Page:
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Blog Aggregator Sites

“We need a way of sharing revenue with people who contribute to the site. ... I do not know how to do that right now.”
—Karl Martino
Philly Future

Greensboro, North Carolina, has an extraordinarily active local blogosphere. Web designer Roch Smith Jr. launched Greensboro101 as a community service to aggregate blogs in one place, but the site is more than a digest. Smith quickly concluded that some blogs were more compelling than others, so now he applies editorial judgment by creating a front page for highlighted blog posts. “We look for something that is well-written, that conveys some minimal completeness in terms of news and opinion and that has some grain of substance,” he said. “I found myself applying some measure of what traditional journalism might apply” to the featured posts, which regularly highlight the blogs of News & Record reporters and editors.

Before the city’s monthly blogger meet-ups, Smith runs an open Greensboro101 meeting where editorial issues are discussed. The site is now a for-profit corporation with a local advisory board. With an investment of $20,000 from a local businessman/blogger, Smith is working to develop an advertising model that would share revenue between the site and bloggers. “I see a lot of opportunities for things we could do if we were profitable,” Smith said, including lending out camera and video equipment and “allowing people to learn more about how to do good citizen journalism.”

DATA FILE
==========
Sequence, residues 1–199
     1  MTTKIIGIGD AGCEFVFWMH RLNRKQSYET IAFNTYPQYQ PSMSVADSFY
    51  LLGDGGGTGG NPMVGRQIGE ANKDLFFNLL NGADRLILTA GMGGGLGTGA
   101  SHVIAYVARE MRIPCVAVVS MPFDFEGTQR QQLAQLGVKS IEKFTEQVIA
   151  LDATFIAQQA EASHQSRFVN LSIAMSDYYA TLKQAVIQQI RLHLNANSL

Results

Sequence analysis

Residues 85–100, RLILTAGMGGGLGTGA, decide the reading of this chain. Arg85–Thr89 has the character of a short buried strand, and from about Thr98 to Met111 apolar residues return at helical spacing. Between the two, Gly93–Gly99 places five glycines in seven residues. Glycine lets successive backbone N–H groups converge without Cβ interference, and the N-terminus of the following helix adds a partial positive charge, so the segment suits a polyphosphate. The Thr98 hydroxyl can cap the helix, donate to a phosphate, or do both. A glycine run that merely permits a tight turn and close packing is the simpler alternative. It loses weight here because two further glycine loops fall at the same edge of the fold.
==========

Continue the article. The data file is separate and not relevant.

In his free time off from working as a software engineer for Knight Ridder in the late 1990s, Karl Martino founded the blog aggregator, which he shut down in 2001. He re-launched it in 2004 as a hybrid site where blogs are aggregated, but non-bloggers also post original work. He now calls it a regional online community “seeking to coalesce what the entire region is discussing.” Six volunteers help him keep an eye on postings and promote stories to the front page. The site is currently a for-profit LLC (limited liability company) with a trickle of revenue from advertising. “We need a way of sharing revenue with people who contribute to the site,” Martino said. “I do not know how to do that right now.”

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